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Charles Edward Parkinson was born in Preston on the 22nd December 1894 the son of James and Jane Parkinson (nee Cragg). His parents married at Emmanuel Church in Preston on the 4th  December, 1889 and Charles Edward was one of eight siblings, the others being Emily (1891), Dorothy (1892), Enoch Southworth (1893), Walter (1899), James (1901), Frank (1905) and Alan (1907). In 1901 the family home was at 100 Friargate in Preston where Charles` father was a butcher by trade and his mother was a clothes dealer. Charles initially attended St. Matthew`s Church of England School; 2/4/1906 – 23/12/1908 and then on the 20th January 1909 he enrolled at Preston Grammar School, leaving on the 20th December 1910 to work as an apprentice hosier with Messrs. Lawson & Sons on Fishergate in Preston.

When the 1911 Census was recorded Charles was living at home with his parents and seven siblings at their new address of 13 Balfour Road, Preston. Charles`s father was no longer a butcher and was now a clothing dealer (employer) and Charles was working as a hosiery shop assistant, his brother Enoch was assisting his father in the family business and his sister Dorothy was employed as a school teacher in a local council school.

Charles enlisted at Preston on the 7th September 1914 agreeing to serve a term of 3 years with the Colours. His medical inspection report describes him as being 5`4” tall with a fresh complexion, blue eyes and light brown hair. He weighed 110lbs and had a chest measurement of 34”. Charles was allocated the service number 13097 and posted to the 7th Battalion “D” Coy” (Preston Pals) of the Loyal North Lancashire Regiment.

“D” Company, 7th Battalion LNL in training at Tidworth – photo dated 21st November 1914

On the 17 July, 1915 the 7th Battalion embarked for France, coming under the Command of 56th Brigade of the 19th Division. After landing the Battalion spent a fairly quiet period where the men received intensive instruction in all forms of trench warfare, employment of trench weapons and instruction in the use of trench mortars and gas helmets.

According to his service record Charles was wounded in action on the 4th July, 1916 when the Battalion was in action at La Boisselle on the Somme. He was admitted to 70 Field Ambulance with a gunshot wound to his right foot and then later despatched to 13 General Hospital in Boulogne. By the 6th July he had been transferred to the `HS St. Denis` for the journey back to England for further treatment. After landing in England Charles was sent North up to Wharncliffe War Hospital in Sheffield where he spent 68 days recovering from his wounds. He was discharged from hospital on the 12th September 1916 and then had a two week furlough, presumably returning to his home in Preston.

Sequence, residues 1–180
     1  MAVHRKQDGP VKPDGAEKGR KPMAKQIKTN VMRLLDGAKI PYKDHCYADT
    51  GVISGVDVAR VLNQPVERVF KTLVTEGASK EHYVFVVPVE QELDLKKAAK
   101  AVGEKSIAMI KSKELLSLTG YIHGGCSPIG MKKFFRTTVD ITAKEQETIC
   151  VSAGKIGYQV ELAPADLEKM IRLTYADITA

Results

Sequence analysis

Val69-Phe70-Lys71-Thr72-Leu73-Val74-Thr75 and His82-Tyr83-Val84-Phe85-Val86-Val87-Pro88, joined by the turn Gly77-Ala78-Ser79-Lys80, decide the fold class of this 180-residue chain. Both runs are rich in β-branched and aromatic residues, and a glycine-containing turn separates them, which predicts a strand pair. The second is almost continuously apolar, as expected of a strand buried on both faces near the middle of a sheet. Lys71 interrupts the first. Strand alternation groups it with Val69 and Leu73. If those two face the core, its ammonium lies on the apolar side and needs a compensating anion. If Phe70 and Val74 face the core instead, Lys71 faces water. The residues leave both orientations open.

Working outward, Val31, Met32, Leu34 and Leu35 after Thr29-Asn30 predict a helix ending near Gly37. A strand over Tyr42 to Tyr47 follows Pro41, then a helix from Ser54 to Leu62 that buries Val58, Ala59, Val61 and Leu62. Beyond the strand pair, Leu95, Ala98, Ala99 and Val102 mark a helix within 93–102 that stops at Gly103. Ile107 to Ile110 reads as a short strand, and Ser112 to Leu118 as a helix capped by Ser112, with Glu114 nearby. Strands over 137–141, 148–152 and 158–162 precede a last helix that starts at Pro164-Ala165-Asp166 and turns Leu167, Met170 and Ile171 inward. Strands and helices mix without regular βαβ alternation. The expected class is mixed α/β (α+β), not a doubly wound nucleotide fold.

On 22 September, 1916 after returning from leave Charles was posted to the 3rd Reserve Battalion where he would have received further training in readiness for his return to the front. He embarked for France for the second time on the 2nd February 1917, sailing from Folkestone to Boulogne. On the 20th February, 1917 he was despatched to a training camp where he spent eight days with the 1st Battalion LNL and then on the 1st March he was posted to the 1/5th Battalion of the Loyal North Lancashire Regiment.

Sadly, just four months later Charles was posted missing on the 31st July 1917 at the start of the 3rd Battle of Ypres (Passchendaele) and it was later confirmed that he had died on this date. His papers record that his burial was reported by the XIX Corps Burial Officer on the 17 August, 1917.

Charles` family were informed and then the following article appeared in the Preston Guardian in September 1917.

The only personal effects sent back to Charles` family was a purse and his Identity Disc, the items signed for by his mother Jane. After the war his mother also took receipt of her sons` 1915 Star, British War and Victory Medals and she would also have received his Memorial Plaque and Scroll in recognition of his sacrifice.

Although his burial was reported on in his service papers his burial place was never discovered and so Charles` name was added to the Ypres (Menin Gate) Memorial to the Missing. He is also remembered on the Roll of Honour in the Harris Museum in Preston and his name was added to the Preston Grammar School Roll of Honour displayed in St. John`s Parish Church in Preston (pictured below).

Preston Grammar School Roll of Honour – St. John`s Parish Church, Preston

Rank: Private
Service No: 13097
Date of Death: 31/07/1917
Age: 22
Regiment/Service: The Loyal North Lancashire Regiment, 1st/5th Bn.
Memorial: YPRES (MENIN GATE) MEMORIAL

Additional Family Information

The elder brother referred to in the newspaper article was 202001 Private Enoch Parkinson, initially 2/4th LNL Battalion and then later 15th Battalion LNL. Enoch survived the war and was awarded the British War and Victory Medals. In 1922 he married Martha Louise Melling in Preston. Enoch died on the 29th January 1982 in the nursing home of the Little Sisters of the Poor, 228 Garstang Road, Fulwood in Preston.

Janet Davis

Janet Davis

Janet Davis has been researching her family history for many years and through this she discovered many relatives who served in WW1. This interest then led Janet to do many walking the battlefield tours with her husband. In April 2013 she discovered this website and volunteered to help. Janet believes that there are lots of stories still to be told, most of them very sad but at the same time they are a fascinating insight into the men, their families, what they did and where they came from.
Janet Davis

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